Here’s a write-up by the Jackson Hole News & Guide . . .
The first Wyoming grizzly bear hunt in over four decades will target 24 animals if commissioners who oversee the state’s wildlife sign off on a proposal released Friday.
A topic of fierce controversy, the hunt is being devised in a way that state officials hope will limit the chance of the bold large carnivore being shot in public view, or killed adjacent to Grand Teton National Park. A no-hunting zone will abut the east boundary of the park, and throughout the Greater Yellowstone Ecosystem it will be illegal to kill a grizzly within a half-mile of a named highway, Wyoming Game and Fish Department Chief Warden Brian Nesvik said.
“The intention is to address public concern that was focused on there being hunting and wildlife viewing going on at the same time,” Nesvik said.
The Missoulian has an interesting story about how a farmer in the Mission Valley is dealing with bear conflicts . . .
Standing in a hollowed-out section in the middle of his 80-acre cornfield, Greg Schock bends over and picks up one of dozens of corn cobs scattered about. It’s been picked clean of every kernel.
On the dark black ground just barely moistened by Thursday night’s welcome rain, there are grizzly bear tracks and fresh scat dotted with kernels of corn.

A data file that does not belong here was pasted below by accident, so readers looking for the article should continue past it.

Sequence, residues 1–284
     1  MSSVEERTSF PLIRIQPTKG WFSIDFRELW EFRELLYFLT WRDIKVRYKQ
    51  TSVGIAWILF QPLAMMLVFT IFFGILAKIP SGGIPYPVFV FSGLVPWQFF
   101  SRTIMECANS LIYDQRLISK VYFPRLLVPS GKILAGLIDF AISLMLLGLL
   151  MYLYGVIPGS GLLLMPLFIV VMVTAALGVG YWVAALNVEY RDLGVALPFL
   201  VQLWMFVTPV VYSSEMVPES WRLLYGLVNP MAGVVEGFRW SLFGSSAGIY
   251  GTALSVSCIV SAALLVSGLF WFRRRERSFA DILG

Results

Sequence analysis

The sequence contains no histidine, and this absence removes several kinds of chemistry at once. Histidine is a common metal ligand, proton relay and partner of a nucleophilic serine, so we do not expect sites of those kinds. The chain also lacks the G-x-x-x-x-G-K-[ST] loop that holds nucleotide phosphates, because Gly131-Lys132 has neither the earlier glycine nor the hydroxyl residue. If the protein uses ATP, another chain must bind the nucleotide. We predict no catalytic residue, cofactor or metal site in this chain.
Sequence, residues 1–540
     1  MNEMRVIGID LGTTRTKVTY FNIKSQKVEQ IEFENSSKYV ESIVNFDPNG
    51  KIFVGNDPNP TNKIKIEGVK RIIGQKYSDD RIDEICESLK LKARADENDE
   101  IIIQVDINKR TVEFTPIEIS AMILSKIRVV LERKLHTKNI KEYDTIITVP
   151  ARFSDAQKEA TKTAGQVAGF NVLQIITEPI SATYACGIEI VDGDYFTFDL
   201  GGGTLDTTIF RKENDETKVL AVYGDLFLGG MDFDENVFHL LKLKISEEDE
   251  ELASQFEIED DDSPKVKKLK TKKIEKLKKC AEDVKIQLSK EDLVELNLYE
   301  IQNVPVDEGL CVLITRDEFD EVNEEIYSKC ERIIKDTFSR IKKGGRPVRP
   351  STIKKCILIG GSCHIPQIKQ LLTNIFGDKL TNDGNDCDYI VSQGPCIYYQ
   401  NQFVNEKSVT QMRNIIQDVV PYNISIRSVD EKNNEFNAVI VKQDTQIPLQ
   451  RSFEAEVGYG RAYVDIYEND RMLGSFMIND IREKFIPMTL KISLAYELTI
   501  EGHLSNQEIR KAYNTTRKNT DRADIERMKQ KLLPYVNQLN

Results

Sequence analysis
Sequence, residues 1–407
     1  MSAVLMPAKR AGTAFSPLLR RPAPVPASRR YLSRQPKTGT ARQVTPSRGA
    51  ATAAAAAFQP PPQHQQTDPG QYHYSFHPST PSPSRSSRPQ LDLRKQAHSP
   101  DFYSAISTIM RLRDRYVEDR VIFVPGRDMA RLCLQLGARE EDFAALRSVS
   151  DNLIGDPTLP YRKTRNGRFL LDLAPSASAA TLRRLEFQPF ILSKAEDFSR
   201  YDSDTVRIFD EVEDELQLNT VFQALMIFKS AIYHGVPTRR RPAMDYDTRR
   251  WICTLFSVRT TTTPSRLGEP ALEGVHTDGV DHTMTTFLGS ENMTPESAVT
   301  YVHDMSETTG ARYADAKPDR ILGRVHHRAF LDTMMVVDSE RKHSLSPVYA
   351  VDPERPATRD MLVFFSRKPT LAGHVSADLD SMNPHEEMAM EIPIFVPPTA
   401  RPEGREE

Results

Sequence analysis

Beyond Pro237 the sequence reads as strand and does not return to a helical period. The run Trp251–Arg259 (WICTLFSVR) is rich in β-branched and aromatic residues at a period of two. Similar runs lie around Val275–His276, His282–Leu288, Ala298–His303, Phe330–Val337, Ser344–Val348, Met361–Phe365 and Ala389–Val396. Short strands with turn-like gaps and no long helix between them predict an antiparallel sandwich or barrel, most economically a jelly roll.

From where he’s standing, the longtime Mission Valley dairyman’s view past the edge of the clearing is obscured by the thick rows of corn that will sometime soon become the silage that his cows will depend on to eat through the winter months.
A judge has ruled that the isolated grizzly bear population in the Cabinet-Yaak area can be treated as endangered . . .
Animals and plants can be considered endangered even if they are not on the brink of extinction, a judge ruled in overturning the U.S. government’s re-classification of a small population of grizzly bears living in the forests of Montana and Idaho near the Canada border.
Tuesday’s ruling by U.S. District Judge Dana Christensen said that the U.S. Fish and Wildlife Service is prohibited from narrowing the definition an endangered species in its future decisions without explaining why it wants to make the policy change.
The federal Endangered Species Act defines an endangered species as one that is “in danger of extinction throughout all or a significant portion of its range.”
They finally brought someone in to take Chris Servheen’s old job. Dr. Hilary Cooley is the U.S. Fish and Wildlife Service’s new grizzly bear recovery coordinator . . .
The federal official charged with leading the U.S. polar bear program has departed Alaska for Missoula, Montana, to oversee grizzly bear recovery in the Lower 48.